The Pacific Humanitarian Challenge is seeking innovative ways to prepare and respond to natural disasters in the Pacific. As the February 7, 2016 application deadline approaches, Patrick Meier, author of Digital Humanitarians, and a leading thinker in humanitarian technology and innovation, shares his thoughts about innovation in this space.

1. Your book, Digital Humanitarians, looks at how big data is changing the face of humanitarian response. Who is a digital humanitarian and how can smarter crowdsourcing help save lives?

A digital humanitarian is anyone who uses emerging technologies and advanced computing to support humanitarian efforts worldwide. Smarter crowdsourcing can support said efforts by rapidly making sense of the Big Data that gets generated during disasters, such as social media and satellite imagery. The faster this data is filtered and analyzed, the faster humanitarian organisations can assess the damage and coordinate relief efforts.

A drone used for mapping after humanitarian crises after Cyclone Pam in 2015 and the Nepal Earthquake.
Drone used for mapping after humanitarian crises, including Cyclone Pam in 2015 and the Nepal earthquake of 2015.

2. On the credibility of Tweets and Facebook posts after a crisis, you’ve talked about the need to combine investigative journalism strategies with new technologies powered by artificial intelligence. How would that work in verifying social media posts?

The TweetCred platform combines crowdsourcing and machine learning to automatically score the credibility of crisis-related tweets. The platform can thus serve as a first “early warning signal” of potentially credible (and non-credible) information generated after a crisis. This on its own is insufficient, however. Hence the need for investigative journalism strategies to follow up and triangulate these signals with other sources and techniques.

Patrick Meier carrying out an aerial assessment following Nepal Earthquake.
Patrick Meier carrying out an aerial assessment following Nepal Earthquake.

3. You are an advocate for civilian drone technology. What do you mean and how are UAV’s or drones being used in disaster response?

Drones or UAVs (unmanned aerial vehicles) are simply flying robots. As such, I’m an advocate for the use of intelligent, autonomous robotics in general vis-a-vis disaster response. Aerial robots can be programmed to rapidly collect very high resolution aerial imagery and to transport essential payloads in support of disaster response efforts. For example, I spearheaded a humanitarian UAV mission for the World Bank after Cyclone Pam devastated the islands of Vanuatu last March. The mission focused on carrying out aerial surveys of the disaster affected areas in order to complement the field-based damage assessment surveys. This year, my team and I are heading back to Nepal to pilot the use of payload delivery via UAV as part of a public health project in one of the most remote, mountainous regions of Nepal. It typically takes about 7 hours to transport medicines to and from health clinics and hospitals in the region in question. This is done by car and on foot. A UAV would only take 20 minutes to delivery the medicines.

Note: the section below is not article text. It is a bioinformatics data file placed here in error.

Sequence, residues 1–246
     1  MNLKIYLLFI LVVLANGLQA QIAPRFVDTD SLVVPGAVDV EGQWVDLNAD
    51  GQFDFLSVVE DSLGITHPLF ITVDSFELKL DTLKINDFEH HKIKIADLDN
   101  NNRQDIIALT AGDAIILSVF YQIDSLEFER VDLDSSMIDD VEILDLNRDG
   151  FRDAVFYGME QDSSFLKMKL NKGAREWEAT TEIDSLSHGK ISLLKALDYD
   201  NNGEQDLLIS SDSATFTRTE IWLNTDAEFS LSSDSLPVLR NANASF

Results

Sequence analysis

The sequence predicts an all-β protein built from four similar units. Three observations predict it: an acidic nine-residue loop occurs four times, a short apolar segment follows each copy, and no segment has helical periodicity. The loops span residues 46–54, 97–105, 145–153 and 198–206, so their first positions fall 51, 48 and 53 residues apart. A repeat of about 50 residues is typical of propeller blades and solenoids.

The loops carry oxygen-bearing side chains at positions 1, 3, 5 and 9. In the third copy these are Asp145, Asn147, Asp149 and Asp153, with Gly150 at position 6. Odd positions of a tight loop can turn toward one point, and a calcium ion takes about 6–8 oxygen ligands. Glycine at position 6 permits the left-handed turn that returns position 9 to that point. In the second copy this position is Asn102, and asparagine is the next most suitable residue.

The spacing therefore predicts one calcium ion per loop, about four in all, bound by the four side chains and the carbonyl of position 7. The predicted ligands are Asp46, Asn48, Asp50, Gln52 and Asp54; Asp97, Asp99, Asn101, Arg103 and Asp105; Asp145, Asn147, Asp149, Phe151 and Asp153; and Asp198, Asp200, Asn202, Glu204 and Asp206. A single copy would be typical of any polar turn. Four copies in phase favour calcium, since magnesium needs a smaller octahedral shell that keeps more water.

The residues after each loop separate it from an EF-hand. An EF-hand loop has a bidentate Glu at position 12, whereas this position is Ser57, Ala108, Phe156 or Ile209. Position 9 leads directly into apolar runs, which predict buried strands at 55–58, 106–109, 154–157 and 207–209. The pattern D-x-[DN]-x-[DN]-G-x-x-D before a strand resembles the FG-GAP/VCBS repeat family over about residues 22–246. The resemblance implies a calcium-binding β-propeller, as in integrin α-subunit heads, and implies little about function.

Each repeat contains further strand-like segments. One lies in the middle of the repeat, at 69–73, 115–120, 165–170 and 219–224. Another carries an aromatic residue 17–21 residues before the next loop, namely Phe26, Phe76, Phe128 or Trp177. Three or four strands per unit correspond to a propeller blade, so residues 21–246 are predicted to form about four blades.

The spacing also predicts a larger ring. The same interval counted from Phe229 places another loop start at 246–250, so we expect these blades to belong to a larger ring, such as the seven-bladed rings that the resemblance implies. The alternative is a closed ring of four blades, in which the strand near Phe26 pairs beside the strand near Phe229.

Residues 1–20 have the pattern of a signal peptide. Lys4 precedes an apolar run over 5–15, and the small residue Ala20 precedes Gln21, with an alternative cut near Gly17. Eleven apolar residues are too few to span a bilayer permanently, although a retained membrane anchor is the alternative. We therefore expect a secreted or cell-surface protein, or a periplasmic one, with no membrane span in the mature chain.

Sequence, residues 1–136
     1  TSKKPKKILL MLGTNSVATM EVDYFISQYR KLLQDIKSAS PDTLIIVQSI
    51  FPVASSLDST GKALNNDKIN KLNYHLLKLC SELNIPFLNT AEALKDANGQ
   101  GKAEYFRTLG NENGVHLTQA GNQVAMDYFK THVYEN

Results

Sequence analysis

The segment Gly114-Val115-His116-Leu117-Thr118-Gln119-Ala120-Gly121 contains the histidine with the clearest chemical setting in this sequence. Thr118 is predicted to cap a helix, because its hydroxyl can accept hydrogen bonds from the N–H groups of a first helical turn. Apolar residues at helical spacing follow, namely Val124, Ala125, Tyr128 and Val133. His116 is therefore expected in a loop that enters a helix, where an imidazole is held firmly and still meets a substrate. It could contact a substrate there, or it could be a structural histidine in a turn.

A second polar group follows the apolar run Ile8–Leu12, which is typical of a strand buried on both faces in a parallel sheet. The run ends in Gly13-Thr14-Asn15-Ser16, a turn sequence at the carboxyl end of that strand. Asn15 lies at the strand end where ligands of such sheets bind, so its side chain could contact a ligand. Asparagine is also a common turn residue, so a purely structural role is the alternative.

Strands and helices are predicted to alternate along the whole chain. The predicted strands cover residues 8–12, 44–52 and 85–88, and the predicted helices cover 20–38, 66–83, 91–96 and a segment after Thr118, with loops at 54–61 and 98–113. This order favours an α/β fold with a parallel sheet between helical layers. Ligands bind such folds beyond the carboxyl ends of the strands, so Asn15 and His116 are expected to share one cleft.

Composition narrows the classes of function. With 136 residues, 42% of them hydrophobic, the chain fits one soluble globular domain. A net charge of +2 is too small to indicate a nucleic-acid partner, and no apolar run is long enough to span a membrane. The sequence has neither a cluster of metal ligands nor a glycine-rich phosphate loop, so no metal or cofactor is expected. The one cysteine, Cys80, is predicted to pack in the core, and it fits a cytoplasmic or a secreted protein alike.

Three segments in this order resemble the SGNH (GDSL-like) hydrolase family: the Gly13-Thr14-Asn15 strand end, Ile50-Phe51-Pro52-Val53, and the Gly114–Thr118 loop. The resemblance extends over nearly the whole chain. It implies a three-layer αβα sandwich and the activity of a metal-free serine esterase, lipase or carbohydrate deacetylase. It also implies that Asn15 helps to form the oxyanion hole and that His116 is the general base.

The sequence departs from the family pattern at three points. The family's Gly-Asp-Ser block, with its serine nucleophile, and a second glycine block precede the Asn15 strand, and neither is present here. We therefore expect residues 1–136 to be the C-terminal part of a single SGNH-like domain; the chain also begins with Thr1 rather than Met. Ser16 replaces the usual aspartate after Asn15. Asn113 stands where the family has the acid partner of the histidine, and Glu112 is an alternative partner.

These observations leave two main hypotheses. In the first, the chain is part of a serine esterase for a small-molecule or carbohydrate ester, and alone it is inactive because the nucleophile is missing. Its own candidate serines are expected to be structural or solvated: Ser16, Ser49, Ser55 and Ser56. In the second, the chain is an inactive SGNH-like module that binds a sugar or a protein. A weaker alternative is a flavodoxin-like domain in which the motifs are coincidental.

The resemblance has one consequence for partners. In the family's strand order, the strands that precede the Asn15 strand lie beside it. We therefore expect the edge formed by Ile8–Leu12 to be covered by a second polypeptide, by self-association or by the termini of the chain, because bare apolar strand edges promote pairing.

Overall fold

4. What kinds of humanitarian technology innovations do you envision in the future?

I’m particularly interested in the application of next generation robotics, including terrestrial and maritime robotics vis-a-vis the future of disaster response. We’re already seeing tremendous strides being made with self-driving vehicles. Is it only a matter of time until we start considering self-driving humanitarian convoys and ships? I’m also interested in cargo delivery via UAV. This too holds great promise. But like most emerging technologies, one of the main challenges in applying them to humanitarian contexts is regulatory hurdles, like the regulations around the use of UAVs. So the speed at which next generation robotics gets mainstreamed within the humanitarian space will largely depend on whether the international humanitarian community takes a leadership role in conversations with regulatory bodies.

Patrick Meier, author of Digital Humanitarians, is also the founder of the Humanitarian UAV Network. He sits on the Advisory Board for the Pacific Humanitarian Challenge. His popular blog is iRevolutions.

Since November, citizens, entrepreneurs, scientists, and communities from the Pacific have been encouraged to join Australia’s Pacific Humanitarian Challenge and work together to develop ideas. The winning submissions will be announced at the World Humanitarian Summit in Istanbul in May 2016. The winners will be awarded  combined funding of up to $2 million to pilot their ideas in the Pacific. The deadline is February 7th!